Comedian Gheramy Demery recalls life before the secret. Things felt a bit boring, unfulfilled.
He’d quit booze just a couple of years before, and that meant going straight home after comedy events. With his wife working late as a bartender, he often found himself alone in front of the TV. Demery needed something to do.
“I just was kind of bummed out,” he says. “I didn’t want to watch TV … what good am I doing if I’m not trying to further myself or become a better comic?"
In a town where most entertainment creeps to a halt after 11 p.m. — and a malaise Demery couldn’t stand — an idea struck in the form of Secret Society Comedy. The weekly, late-night show provides a joke-fueled haven for comics and anyone else in need of something to do as the city dozes off.
But wait, there’s a twist: The venue changes every week, keeping establishments like XYZ the Tavern open well past closing. This, says event’s co-founder David Horning, lends itself to the air of secrecy and an easier commitment for the venues.
After its start in January 2022 at Heart of Gold, Secret Society finished the year with more than 50 shows across 22 Northeast Ohio venues, each garnering anywhere from around 10 to more than 100 guests. For founders Demery, Horning and Bryan Sternik, a newfound sense of community and unique performance opportunity keeps the ball rolling.
“I’m thrilled with the way it evolved,” Horning says. “We kind of leaned into and expanded this ‘nomad’ comedy club.”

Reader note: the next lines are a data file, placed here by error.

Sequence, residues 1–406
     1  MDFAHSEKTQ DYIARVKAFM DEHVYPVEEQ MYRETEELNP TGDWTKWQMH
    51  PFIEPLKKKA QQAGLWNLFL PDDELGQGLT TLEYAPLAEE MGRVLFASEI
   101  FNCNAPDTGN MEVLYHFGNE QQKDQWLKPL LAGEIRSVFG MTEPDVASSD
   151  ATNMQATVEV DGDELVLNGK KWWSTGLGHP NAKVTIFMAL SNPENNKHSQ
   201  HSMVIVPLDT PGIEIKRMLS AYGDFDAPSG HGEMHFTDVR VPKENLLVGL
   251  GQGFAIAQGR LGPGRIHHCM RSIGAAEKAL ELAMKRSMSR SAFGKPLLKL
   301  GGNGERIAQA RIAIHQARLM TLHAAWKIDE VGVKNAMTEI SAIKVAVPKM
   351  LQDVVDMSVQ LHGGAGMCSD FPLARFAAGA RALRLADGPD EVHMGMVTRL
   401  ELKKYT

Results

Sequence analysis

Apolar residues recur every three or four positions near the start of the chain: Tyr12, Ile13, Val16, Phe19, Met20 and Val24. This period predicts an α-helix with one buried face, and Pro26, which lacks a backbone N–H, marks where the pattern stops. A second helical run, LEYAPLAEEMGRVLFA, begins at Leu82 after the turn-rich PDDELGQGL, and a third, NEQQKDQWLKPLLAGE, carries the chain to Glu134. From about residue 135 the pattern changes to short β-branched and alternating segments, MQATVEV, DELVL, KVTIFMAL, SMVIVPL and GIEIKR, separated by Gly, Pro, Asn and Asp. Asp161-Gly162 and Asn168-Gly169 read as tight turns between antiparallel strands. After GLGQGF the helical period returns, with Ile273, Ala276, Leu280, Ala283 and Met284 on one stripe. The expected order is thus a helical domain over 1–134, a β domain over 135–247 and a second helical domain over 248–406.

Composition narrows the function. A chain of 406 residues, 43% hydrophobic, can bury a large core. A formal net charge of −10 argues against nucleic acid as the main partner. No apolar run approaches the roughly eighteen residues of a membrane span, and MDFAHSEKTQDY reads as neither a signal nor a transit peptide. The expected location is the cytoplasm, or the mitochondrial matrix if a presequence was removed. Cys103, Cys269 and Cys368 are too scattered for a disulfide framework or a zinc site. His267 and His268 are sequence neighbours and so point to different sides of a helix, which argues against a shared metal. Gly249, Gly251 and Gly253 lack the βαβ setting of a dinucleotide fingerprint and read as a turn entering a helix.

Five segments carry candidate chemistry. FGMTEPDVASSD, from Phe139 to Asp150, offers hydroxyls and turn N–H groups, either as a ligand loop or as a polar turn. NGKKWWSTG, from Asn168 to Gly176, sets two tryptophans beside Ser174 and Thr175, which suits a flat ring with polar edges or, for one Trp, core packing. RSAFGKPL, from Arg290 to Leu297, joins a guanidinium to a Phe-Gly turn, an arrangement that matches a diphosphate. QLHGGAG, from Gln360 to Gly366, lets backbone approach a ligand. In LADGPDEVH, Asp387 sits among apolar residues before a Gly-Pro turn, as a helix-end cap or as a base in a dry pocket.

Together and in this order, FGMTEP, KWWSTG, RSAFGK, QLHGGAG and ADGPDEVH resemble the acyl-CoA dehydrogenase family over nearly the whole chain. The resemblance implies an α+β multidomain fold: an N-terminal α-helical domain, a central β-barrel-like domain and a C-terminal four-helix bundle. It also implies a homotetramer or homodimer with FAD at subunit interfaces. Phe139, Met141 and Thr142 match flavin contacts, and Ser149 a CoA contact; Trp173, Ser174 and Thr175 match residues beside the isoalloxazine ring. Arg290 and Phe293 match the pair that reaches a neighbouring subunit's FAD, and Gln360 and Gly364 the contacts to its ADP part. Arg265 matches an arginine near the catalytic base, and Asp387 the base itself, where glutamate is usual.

For that very reason, the founders gained traction outside of the usual comedy haunts, mainly Downtown and a peppering of spots on the east and west sides. Now, Secret Society Comedy takes local artists a bit further, to venues like ThornCreek Winery & Gardens in Aurora, where the trio filled 125 seats.
The loose, after-show nature of the society’s weekly meeting provides local comedians the chance to grow, utilizing the lax vibe to work out new material. The environment emulates the trial-and-error ethos of nightly comedy clubs in cities like New York City and Los Angeles, famous establishments like Comedy Cellar and The Comedy Store, respectively.
“It’s not original to those cities, but it’s original to Cleveland,” Horning says. “We wanted to bring big-city comedy to Cleveland.”
Despite the year of success, Demery recalls the difficulty he faced prior to takeoff. “Everyone told me it wouldn’t work — called it a pipe dream,” he says with a laugh. “I’m not even convinced [David] thought it was a good idea when he agreed.”
Secret Society's founders knew their late-night comedy show would be a hard sell — they consider Hilarities 4th Street Theatre one of the greatest comedy houses in the nation and acknowledge Cleveland’s early bedtime — but the idea persisted and eventually thrived, and won’t go quiet until “comics stop showing up,” Horning says.
“This is building that community, it’s building that society part of Secret Society. We want people to feel like they’re in on something together … kind of getting in on a secret together. And the secret is that Cleveland has a killer comedy scene.”
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